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Fear and loathing at the Mid-State Fair

Our intrepid reporters partied till the cows came home


Editor’s note: We armed Glen Starkey and Brent Vander Weide with press badges and 100 bucks, and we sent New Times photog Chris Gardner along to chronicle their exploits last Thursday night at the Mid-State Fair. What they discovered was a nexus of subcultures so beautiful it brought tears to their eyes.

Glen Groan! That was my first reaction to the thought of wading through the heat and crowds of the Mid-State Fair. I always feel like a heifer in the middle of a slow-moving herd at "the biggest little fair anywhere," so I was expecting the worst. But holy cow, having preferred parking and a slip-in-the-back-entrance press badge was certainly a lot more civilized than a mile trek from a parking spot and a line at the gate.

Brent I’ve been looking forward to hitting the fair this year. Aside from being turned away at the "Skybox" before, the past couple of years have been good to me up there. I’ve been through the back entrance before, and I’m sure it’s the only way to go. With Steely Dan headlining the grandstand, I couldn’t wait. Besides, I wanted to experience the Skybox that I’d been denied before. I approached the fair on a mission to have fun, and with New Times kicking in some cash, not even you could blow my high, Starkey.

Glen Mmm. Skybox. I certainly enjoyed the free deli platter, and now I know how the other half lives. Clean bathrooms without giant murals of clowns driving cars. A private bar with Heinekens. After we pried ourselves away from the free food, I was pretty shocked to learn that the fair was a lot different than I remembered. I mean, tequila joints? When did this hard liquor thing start? Not that it was bad. I didn’t see anyone misbehaving. It was still family, baby.

Brent True. I thought things were pretty well under control. I spoke with members of the local law enforcement, and they said the worst incident so far was some pot smoking and a gal who pissed her pants. I’d say that’s pretty harmless. Sheriff Darin Murphy said, "It’s a great duty. I get to see people I haven’t seen in a while and listen to good music."

Oh yeah. The concert. Since we only had an hour or so, I led the crew over to some of the animal exhibits. Wading through the vendors was a task in itself. You can buy anything at the fair. Most of these booths claim to be holding a "sale," and you can find everything from hot tubs to belt buckles.

Glen I was impressed by the craftsmanship in the vendors’ booths, but for my money, the most interesting stuff were the quilts. They’re absolutely pieces of art. And there’s something heartwarming about seeing shelf after shelf of homemade preserves. Folksy! I don’t know many people who still bust out their own preserves and canned foods. That’s old school, and that sums up what the Mid-State Fair is all about. It’s quintessential Americana. You see people from all walks, people you probably wouldn’t run into in your normal life … like carnies. Now there’s a special breed.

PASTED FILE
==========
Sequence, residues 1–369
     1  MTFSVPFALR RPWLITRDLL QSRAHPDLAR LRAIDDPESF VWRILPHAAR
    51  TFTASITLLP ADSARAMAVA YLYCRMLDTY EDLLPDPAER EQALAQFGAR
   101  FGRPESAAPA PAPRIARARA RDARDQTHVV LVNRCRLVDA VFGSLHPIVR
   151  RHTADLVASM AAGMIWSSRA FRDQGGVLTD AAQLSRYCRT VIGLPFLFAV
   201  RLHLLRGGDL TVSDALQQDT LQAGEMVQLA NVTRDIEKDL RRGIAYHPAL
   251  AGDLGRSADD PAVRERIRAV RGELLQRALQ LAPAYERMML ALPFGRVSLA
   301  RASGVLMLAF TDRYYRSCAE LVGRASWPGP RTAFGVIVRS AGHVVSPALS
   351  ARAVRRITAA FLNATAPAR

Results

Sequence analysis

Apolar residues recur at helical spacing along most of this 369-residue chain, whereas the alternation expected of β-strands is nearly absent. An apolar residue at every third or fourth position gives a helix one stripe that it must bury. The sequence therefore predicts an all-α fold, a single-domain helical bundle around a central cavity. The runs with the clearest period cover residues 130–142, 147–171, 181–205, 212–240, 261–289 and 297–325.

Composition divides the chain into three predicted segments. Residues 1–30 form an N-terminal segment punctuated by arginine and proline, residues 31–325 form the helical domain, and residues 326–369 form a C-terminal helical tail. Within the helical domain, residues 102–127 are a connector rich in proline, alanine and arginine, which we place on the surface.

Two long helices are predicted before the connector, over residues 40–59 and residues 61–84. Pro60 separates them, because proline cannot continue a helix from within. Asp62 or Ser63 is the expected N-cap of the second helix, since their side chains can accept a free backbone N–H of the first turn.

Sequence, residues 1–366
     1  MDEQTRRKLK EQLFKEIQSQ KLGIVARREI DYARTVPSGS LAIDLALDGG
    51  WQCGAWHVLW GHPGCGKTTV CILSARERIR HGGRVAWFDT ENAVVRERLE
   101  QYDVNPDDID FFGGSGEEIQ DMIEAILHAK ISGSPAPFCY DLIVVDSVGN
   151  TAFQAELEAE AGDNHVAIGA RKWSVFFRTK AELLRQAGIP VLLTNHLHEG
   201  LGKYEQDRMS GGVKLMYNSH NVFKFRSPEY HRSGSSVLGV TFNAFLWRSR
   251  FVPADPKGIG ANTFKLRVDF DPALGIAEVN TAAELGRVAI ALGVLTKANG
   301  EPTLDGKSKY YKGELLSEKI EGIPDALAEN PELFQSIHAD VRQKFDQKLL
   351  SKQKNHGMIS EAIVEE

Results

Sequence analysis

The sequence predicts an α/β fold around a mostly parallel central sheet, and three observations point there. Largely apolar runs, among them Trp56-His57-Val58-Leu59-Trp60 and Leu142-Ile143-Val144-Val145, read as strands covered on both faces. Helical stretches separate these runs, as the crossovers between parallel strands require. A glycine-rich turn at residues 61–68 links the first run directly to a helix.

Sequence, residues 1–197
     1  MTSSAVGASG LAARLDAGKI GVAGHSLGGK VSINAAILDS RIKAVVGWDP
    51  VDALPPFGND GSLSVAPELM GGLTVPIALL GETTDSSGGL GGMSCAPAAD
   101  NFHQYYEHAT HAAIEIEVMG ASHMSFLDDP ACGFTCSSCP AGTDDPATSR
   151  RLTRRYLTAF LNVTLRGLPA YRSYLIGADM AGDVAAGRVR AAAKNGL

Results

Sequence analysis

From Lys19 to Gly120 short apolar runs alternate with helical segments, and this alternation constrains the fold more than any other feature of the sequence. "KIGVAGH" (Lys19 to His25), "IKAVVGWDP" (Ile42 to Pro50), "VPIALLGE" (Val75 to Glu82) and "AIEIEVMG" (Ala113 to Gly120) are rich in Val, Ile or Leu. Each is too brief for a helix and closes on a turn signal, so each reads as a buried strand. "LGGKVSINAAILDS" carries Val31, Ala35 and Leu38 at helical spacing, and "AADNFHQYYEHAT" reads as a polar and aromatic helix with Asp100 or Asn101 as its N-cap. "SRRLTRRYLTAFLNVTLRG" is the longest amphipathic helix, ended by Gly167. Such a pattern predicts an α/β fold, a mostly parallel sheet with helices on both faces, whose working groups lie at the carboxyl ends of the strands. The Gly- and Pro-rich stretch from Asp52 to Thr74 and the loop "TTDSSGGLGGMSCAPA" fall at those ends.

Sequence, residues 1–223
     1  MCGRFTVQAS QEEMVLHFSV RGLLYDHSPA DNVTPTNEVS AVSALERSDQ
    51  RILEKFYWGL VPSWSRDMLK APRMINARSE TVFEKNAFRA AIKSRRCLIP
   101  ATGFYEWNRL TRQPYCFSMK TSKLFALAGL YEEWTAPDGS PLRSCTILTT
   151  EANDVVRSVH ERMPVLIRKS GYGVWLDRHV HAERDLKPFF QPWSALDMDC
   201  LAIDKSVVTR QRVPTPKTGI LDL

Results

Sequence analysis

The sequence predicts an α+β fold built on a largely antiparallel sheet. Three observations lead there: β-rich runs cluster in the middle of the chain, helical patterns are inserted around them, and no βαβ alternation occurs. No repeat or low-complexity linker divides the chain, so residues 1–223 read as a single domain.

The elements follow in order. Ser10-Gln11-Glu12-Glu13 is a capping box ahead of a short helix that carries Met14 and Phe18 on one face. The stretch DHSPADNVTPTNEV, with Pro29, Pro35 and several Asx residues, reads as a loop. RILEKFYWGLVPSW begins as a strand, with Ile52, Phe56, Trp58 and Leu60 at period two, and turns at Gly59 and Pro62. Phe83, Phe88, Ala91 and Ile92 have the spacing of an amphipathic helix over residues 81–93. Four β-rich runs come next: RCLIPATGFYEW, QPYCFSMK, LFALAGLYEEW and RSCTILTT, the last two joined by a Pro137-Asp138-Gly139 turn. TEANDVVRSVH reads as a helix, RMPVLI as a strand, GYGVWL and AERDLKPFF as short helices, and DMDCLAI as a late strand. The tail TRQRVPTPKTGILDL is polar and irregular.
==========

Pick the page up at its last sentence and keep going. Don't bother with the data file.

As I was walking through the midway checking out all those old-looking rides, I couldn’t help but wonder about safety. I mean, jeez, these old machines look like they were made in the ’30s or ’40s. And their names are blasts from the past: Zipper, Gravitron, Tilt-a-Whirl, Sky Diver, Alpine Bobs, Ring of Fire. Of course there’s a Ferris Wheel. I asked Junior, an Oklahoma native and the operator of the Orbiter, how old his ride was:

"This is about 16 years old, but it’s based on an old ride. Most of these are remakes. I think the only one that’s really old is the Tilt-A-Whirl. It may be more than 60 years old."

Beware the Tilt-a-Whirl, people.

Brent Americana indeed. I often sit around wondering where a carnie goes when he goes home. Some of these fair folk take their jobs pretty seriously. For instance, the guy at the Bottle-Break event that said he’d been a carnie for 12 years. He took great pride in having "worked every game in the carnival." I bet he sure knows his way around a ring toss.

The people you see at the fair are definitely the main attraction. Such diversity, too. You’ve got your true hick, wannabe hick, gangster hick, and non-hick. I was also surprised by all of the lovely ladies at the fair this year.

Glen The hoochie-mama factor was Grande this year, no doubt. My favorite was this tan-legged beauty in cowboy boots, Daisy Dukes, and an unbuttoned tied-under-the-tits Western shirt over a breezy white tube top, though there was a gal with an enormous beer belly that incongruously enjoyed enormous sex appeal with a few drunks at one of the bars. She was pretty fun to watch. The fair is a scammers’ paradise, no matter the age. There are 14-year-old girls dressed like hookers being trailed by pimple-faced teens; 19-year-old ingénues hanging with the over-21 crowd at the open-air bars; dazzling divorcées decked out in their finest, trolling for their next ex. Forget the livestock exhibitions, the really judging contest is on the main drag.